Alternatives to Using a Router Table as a Jointer

If you’re looking for an alternative to using a router table as a jointer, there are several options available. Hand planes and chisels can be used to create jointed edges on wood. A hand plane is a tool with an adjustable blade that can be used to shave off thin layers of wood from the surface. It is best suited for creating smooth, straight edges on larger pieces of wood. Chisels are sharp tools that can also be used to cut into the surface of the wood in order to create jointed edges. They are best suited for smaller pieces of wood or detailed work, such as carving out decorative designs or shapes on the edge of the board.

In addition, some routers come with special jigs designed specifically for creating joints in stock material without having to use a jointer at all. These jigs typically consist of two parts: one part attaches to your router base while the other part clamps onto your stock material and guides it through the cut made by your router bit. This type of setup allows you to make accurate cuts quickly and easily without having access to a jointer or even needing any additional tools besides your router itself.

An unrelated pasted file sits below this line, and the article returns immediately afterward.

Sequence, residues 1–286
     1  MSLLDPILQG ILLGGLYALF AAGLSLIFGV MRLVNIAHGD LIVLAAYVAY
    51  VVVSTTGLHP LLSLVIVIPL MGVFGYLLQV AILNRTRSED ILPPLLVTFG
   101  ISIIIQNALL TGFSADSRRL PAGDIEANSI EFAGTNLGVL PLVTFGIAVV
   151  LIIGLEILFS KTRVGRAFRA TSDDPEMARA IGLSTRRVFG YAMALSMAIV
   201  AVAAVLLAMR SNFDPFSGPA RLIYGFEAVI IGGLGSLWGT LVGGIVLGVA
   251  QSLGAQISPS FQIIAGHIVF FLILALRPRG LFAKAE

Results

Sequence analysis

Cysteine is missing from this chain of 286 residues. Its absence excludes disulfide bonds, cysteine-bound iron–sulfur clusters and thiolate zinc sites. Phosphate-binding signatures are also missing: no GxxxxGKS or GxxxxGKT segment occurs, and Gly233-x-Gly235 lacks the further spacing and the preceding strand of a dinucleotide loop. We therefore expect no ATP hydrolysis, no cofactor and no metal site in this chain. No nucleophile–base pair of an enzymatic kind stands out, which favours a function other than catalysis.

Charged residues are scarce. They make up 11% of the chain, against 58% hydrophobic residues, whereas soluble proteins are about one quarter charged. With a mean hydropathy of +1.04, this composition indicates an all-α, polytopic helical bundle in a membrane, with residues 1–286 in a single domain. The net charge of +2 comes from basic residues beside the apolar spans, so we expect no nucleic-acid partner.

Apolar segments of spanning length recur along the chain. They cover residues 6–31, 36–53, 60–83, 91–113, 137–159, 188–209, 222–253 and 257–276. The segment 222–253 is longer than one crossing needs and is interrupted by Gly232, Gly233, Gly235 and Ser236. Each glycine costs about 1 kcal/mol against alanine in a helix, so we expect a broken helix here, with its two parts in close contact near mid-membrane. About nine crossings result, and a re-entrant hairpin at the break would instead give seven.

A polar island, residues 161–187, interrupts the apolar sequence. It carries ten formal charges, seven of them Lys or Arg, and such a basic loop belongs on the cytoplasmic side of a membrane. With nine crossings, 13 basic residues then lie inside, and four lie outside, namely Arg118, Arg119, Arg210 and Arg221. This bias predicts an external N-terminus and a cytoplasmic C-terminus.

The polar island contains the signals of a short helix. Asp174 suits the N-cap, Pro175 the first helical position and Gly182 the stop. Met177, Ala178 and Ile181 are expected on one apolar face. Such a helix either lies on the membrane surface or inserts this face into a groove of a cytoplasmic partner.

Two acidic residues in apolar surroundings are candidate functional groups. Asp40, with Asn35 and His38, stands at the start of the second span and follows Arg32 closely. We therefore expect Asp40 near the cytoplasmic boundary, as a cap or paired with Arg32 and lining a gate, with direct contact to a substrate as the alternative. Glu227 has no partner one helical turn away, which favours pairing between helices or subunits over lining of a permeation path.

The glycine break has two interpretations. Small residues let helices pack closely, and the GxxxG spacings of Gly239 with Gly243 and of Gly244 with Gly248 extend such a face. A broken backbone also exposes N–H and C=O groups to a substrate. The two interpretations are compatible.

A router table used as a jointer

Finally, if you don’t have access to any power tools at all but still need an effective way of making jointed edges on boards, then traditional joinery techniques may be worth considering instead. Mortise-and-tenon joints involve cutting slots (mortises) into both sides of each piece, which will eventually fit together like puzzle pieces when assembled correctly; this method has been around since ancient times and is still widely used today due to its strength and reliability when done properly. Dovetail joints are another popular option which involves cutting angled tails (dovetails) into both ends, so they interlock securely once joined together; these types of joints look very attractive too.

Overall, there are plenty of alternatives available if you don’t have access to or cannot afford to purchase a jointer – from hand planes and chisels right through traditional joinery techniques. Take some time exploring what’s out there before deciding which route is best suited for your project needs.